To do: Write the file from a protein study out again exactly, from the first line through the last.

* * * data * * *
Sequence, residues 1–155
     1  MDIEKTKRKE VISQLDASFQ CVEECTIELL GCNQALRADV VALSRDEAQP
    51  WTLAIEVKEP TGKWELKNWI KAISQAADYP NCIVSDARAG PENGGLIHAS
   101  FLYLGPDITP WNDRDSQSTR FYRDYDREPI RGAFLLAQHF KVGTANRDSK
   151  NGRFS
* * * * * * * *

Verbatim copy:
Sequence, residues 1–155
     1  MDIEKTKRKE VISQLDASFQ CVEECTIELL GCNQALRADV VALSRDEAQP
    51  WTLAIEVKEP TGKWELKNWI KAISQAADYP NCIVSDARAG PENGGLIHAS
   101  FLYLGPDITP WNDRDSQSTR FYRDYDREPI RGAFLLAQHF KVGTANRDSK
   151  NGRFS